Bruce Chatwin's writing career was a litany of success. This book provides the definitive critical perspective upon the literary life and work of this enigmatic and influential author. Though his career spanned merely twelve years, his impact and influence was profoundly felt; Chatwin's first book In Patagonia 'redefined travel writing', whilst his later work The Songlines became one of the literary sensations of the 1980s. All of Chatwin's major themes - besides restlessness, include such related topics as liminality, the psychology of exile, the innate goodness of man, the appeal of asceticism and the anxiety of the collector, amongst others - found their wellspring in the author's life. His tendency to romanticise the manner and motivation behind relatively prosaic life-decisions results partly from his writerly tendency to form narrative from incoherence and ambiguity. The book then presents a linear analysis of the argument of The Nomadic Alternative, and presents fuller citations than would necessarily be the case in the discussion of a publicly available text. In Patagonia relentlessly focusses on the individual story, eschewing the conventions of narratorial reflection or environmental description. The Viceroy of Ouidah is essentially a work about the perils of restlessly travelling in search of illusory goals - and ultimately getting stuck. The opening pages of On the Black Hill, introduces the dualistic framework which Chatwin sets up in the conceit of the characters, Lewis and Benjamin Jones.
In December of 1977, Bruce Chatwin wrote to his agent, Deborah Rogers, with some suggestions for the forthcoming American edition of In Patagonia. In Patagonia relentlessly focusses on the individual story, eschewing the conventions of narratorial reflection or environmental description. In Patagonia extends this specific South American mythical metropolis to become metaphorical of the wider historical fascination of those who travel in the hope of locating a utopia. In the specific migrant experience, which recurs as a subject throughout In Patagonia, Chatwin found a neat allegory for his philosophy of restlessness. The narratorial encounters with such characters provide the thematic heart of In Patagonia; they come to embody literally the abstract questions he posed in the introduction to The Nomadic Alternative. However, the text of In Patagonia is constituted by more than simply these specific accounts of the migrant experience.
Reading attributions in early modern manuscript recipe books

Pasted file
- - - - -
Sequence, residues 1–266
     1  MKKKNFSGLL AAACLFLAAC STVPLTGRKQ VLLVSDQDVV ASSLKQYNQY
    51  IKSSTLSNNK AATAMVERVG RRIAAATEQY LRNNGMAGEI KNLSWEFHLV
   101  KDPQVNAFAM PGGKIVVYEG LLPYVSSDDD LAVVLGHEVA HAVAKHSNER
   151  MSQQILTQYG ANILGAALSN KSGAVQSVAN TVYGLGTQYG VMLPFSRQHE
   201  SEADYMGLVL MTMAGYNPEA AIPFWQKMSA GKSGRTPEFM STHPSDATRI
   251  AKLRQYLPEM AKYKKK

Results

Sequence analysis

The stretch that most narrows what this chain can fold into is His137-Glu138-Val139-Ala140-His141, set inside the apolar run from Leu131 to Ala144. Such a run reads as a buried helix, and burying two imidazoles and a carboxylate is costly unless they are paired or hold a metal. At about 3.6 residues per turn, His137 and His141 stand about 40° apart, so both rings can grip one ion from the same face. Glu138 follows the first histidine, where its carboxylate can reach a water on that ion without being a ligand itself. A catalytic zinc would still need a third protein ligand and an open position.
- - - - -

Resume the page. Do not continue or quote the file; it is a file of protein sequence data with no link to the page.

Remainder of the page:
Across the early modern period and well into the eighteenth century,
recipe-book compilers named the author or donor for some individual recipes
in their collections. Elaine Leong's study demonstrates that the
majority of medical recipes were taken from either the compiler's
circle of family and friends, or medical practitioners; however, the
percentage of each category varied greatly between each manuscript. This
chapter offers two case studies of seventeenth-century manuscript recipe
books in the British Library, a copy of Lady Katherine Ranelagh's
recipe collection, and two related recipe books from the Brockman family.
Through these case studies of a recipe book associated with Lady Ranelagh
and those of two generations of Brockman family women, the process of
re-creating an individual's medical network only through attributions
in his or her recipe book appears flawed.
Partisan polemic only leads to a blindness to the truth. This chapter discusses Thomas More's representation and focuses on the ways in which truth may be perceived. It examines truth's emergence through a deliberate testimonial blindness. Throughout his book on the posthumous pictorial representations of More, Stanley Morison has frequent recourse to concepts of authenticity. For Morison the origin of the work of art may be located in the known and remembered world, a world in which memory functions unproblematically as a transparent and stable faculty which records in a literal manner. Behind Morison's denial of the Godran picture lies an identification of the artwork as dependent upon its concordance with a notion of mimesis which can be characterised as a reflection of a known and remembered reality.
This chapter shows disorientation and leverage in the university by exploring the problematic doubleness of economics as indeterminately both inside and outside contemporary cultural theory. It presents the question of the interdisciplinary nature of cultural analysis, particularly in relation to the complex interchange between the economy of criticism, and the location and deployment of the field of economics itself within the intellectual and discursive economy. To account for the problematic yet productive interaction between cultural criticism's own economy and the field of economics, the chapter presents the question of gift-exchange that has so interested theorists across the various disciplines of anthropology, sociology, economics, semiotics and philosophy. The chapter focuses specifically on the implications for cultural criticism of the close relationship between the concept of the gift and that of culture itself arising from Jacques Derrida's discussion.